AMATO:  Well, I couldn‘t agree with you more, Keith.  It was—as soon as they took the stage, it was John Edwards was just an incredible human being.  And of course, I think that Josh also hit on it.  We really don‘t know where the votes at this point are going fall. 

You know, you could see a big difference between the Republicans and the Democrats, because as soon as Rudy was done, it was an interesting picture of Rudy with Arnie, with McCain, he was like a little lost puppy, immediately giving his votes to McCain.  And you don‘t see that with John. 

I think John is trying to—he wants his agenda—you know, he wants to make sure that poverty rules and that what he believes in, both candidates are going to carry on.  So he‘s being kind of cagey with where he is going and if he‘s actually going to even endorse anyone.  We‘re not sure of that.  And so it was very fascinating that that was the opening salvo fired by Barack.  And I guess more shall be revealed come Tuesday. 

OLBERMANN:  Well, yes, maybe.  And maybe not.  I mean, of course, we‘re still waiting for Bill Richardson and Joe Biden and Chris Dodd to endorse anybody, and they haven‘t done that.  Maybe the cards will be held to the vest and you let the voters decide.  What a concept.  John Amato of Crooks and Liars, at the scene at the Kodak Theatre, my great thanks to you.  Also to Josh Marshall of Talking Points Memo, thank you for coming in.  Arianna Huffington of the Huffington Post, always a pleasure to see you, especially in person. 

HUFFINGTON:  Thank you, Keith.

OLBERMANN:  The Democratic debate may be over, but the fight over the issues lives on.  Pat Buchanan and Rachel Maddow, our MSNBC political analysts, hit the hot issue from the Hollywood—well, from the Hollywood faceoff, next on COUNTDOWN.  And it won‘t be all those cutaways of celebrities either.



OBAMA:  We should not use immigration as a tactic to divide.  Instead we should pull the country together to get this economy back on track.  That‘s what I intend to do as president of the United States of America.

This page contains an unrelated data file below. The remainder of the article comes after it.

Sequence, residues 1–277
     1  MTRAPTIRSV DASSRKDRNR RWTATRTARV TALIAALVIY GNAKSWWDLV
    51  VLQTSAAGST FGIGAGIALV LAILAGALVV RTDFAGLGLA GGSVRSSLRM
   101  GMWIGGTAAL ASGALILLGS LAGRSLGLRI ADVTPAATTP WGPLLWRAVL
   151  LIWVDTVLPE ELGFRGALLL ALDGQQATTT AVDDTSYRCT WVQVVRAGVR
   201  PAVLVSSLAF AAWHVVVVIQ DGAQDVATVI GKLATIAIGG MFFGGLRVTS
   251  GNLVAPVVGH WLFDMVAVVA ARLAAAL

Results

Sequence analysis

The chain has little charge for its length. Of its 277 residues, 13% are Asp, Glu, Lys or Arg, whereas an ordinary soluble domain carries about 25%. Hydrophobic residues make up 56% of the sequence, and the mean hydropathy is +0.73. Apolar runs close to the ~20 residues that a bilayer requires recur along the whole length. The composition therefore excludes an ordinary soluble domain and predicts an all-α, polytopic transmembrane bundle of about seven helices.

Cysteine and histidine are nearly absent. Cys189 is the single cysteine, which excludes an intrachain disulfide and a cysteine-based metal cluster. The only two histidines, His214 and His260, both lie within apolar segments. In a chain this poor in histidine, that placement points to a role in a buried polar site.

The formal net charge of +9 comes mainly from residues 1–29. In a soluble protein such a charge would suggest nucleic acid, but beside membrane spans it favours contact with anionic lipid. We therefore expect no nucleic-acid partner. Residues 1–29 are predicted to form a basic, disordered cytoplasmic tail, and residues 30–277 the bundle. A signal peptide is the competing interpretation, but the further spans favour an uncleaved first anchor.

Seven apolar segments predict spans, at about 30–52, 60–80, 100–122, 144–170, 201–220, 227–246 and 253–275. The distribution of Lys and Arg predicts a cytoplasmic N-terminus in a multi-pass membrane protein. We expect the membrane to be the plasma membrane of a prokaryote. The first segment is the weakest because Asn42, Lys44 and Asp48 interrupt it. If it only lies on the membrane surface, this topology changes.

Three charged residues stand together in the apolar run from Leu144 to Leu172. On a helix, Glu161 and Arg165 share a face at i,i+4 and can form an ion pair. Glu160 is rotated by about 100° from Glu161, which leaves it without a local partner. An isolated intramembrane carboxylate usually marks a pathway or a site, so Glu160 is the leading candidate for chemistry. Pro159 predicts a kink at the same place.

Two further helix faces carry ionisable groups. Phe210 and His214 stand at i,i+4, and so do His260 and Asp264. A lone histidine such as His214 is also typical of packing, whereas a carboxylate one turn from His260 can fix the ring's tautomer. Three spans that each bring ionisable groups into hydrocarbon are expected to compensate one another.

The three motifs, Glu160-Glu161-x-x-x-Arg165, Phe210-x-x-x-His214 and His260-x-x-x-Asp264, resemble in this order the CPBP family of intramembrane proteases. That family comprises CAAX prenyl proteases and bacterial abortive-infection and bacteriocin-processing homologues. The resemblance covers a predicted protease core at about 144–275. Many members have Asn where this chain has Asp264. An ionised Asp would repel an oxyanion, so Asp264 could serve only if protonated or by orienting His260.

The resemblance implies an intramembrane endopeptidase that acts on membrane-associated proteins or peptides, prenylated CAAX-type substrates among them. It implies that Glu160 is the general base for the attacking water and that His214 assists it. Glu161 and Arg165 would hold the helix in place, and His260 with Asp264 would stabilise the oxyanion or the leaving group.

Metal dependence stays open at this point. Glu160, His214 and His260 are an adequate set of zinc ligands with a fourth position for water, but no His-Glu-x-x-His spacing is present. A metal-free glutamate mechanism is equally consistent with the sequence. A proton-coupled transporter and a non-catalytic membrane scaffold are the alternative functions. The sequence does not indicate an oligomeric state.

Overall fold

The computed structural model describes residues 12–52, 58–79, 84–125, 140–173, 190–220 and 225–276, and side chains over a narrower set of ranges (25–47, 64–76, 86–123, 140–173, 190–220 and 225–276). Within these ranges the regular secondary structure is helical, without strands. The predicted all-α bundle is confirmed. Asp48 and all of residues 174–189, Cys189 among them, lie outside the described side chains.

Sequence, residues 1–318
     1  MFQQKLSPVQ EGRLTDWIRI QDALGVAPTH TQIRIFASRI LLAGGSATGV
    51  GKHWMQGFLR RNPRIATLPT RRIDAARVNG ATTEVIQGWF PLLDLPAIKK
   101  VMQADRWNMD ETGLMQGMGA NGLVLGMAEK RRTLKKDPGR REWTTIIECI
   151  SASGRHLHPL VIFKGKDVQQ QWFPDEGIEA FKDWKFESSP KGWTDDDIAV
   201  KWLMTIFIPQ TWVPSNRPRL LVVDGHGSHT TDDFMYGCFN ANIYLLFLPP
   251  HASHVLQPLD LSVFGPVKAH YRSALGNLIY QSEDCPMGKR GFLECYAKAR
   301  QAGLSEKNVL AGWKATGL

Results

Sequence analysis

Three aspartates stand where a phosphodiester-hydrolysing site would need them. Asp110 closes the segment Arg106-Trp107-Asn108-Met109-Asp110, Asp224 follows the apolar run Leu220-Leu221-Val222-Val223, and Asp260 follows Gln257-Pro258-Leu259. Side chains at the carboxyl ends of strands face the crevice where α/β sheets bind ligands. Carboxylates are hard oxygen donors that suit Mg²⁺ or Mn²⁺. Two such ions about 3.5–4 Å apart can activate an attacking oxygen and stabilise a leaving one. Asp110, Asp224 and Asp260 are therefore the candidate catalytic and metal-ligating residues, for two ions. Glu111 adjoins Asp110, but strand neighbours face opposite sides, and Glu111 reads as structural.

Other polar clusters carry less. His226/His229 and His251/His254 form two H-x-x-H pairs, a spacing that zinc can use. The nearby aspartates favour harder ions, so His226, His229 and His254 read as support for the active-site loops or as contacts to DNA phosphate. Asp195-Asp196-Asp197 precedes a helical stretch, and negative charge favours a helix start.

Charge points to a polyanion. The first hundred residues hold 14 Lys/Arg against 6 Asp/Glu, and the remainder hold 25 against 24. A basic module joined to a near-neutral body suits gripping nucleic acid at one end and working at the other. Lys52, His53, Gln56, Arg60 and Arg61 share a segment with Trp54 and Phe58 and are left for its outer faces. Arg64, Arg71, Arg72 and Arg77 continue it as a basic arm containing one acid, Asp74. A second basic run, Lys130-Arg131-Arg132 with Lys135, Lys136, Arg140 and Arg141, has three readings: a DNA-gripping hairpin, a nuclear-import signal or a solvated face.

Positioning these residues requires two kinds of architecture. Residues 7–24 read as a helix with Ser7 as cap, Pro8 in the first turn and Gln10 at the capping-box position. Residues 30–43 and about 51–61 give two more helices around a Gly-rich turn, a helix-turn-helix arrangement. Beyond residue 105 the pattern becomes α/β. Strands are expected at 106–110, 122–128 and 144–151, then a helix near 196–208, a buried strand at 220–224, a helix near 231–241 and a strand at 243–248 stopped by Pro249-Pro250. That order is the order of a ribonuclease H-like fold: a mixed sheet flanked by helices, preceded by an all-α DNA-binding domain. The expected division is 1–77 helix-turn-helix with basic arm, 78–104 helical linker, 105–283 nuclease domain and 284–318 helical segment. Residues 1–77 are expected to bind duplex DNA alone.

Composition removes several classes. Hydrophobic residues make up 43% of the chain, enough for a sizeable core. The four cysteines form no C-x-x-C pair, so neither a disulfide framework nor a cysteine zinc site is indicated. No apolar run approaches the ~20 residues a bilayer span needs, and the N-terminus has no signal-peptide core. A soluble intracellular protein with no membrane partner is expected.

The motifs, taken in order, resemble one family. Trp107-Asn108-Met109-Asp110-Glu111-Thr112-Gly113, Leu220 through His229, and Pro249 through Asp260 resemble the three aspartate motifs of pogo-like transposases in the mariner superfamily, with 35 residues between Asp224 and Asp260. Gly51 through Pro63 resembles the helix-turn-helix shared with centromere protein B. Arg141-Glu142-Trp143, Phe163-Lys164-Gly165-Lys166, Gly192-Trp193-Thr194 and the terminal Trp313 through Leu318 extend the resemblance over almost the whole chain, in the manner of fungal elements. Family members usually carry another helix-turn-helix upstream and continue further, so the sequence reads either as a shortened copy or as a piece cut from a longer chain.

OLBERMANN:  Something a little different at the Democratic debate tonight, immigration as an issue for the Democrats to debate, the two remaining ones.  This is our continuing coverage in the aftermath of this, the 18th Democratic debate.  And we‘re now joined by MSNBC political analyst Pat Buchanan and Rachel Maddow. 

And let‘s talk about this issue of Democrats addressing, to some degree—and I imagine Pat will think it was a very small one, to some degree the issue of immigration.  Pat, start us off. 

PAT BUCHANAN, MSNBC POLITICAL ANALYST:  Well, I think that Obama had a good moment on it when he said we ought not to scapegoat these folks.  It was emotional.  But the fact that the question was asked by an African-American, and she was talking about the—as I recall, asking about the immigrants taking away these jobs.  And on that I thought Hillary won the debate for this reason. 

She showed empathy for the person and she also showed realism.  Because the truth is, with the 12 million to 14 million illegals she mentioned in the country, most of them very low wage workers, they do dramatically increase competition for low wage jobs.  And so I thought Hillary won the immigration debate basically in terms of reaching out into Barack‘s constituency and into the poor working class folks.  So I think she won that section.

RACHEL MADDOW, MSNBC POLITICAL ANALYST:  I think she won it in terms of political aggressiveness, certainly.  That was actually the one kind of shocking moment for me in the debate.  I thought that Hillary seemed very bad tonight on Iraq.  But on that immigration issue, that‘s the one other time when I made notes. 

I looked down at my notes and I said, Hillary says that African-Americans should scapegoat Latino immigrants for taking their jobs.  She specifically said, African-Americans—she referenced a personal interaction with an African-American man who had lost his job and believed it was because of Latino immigrants.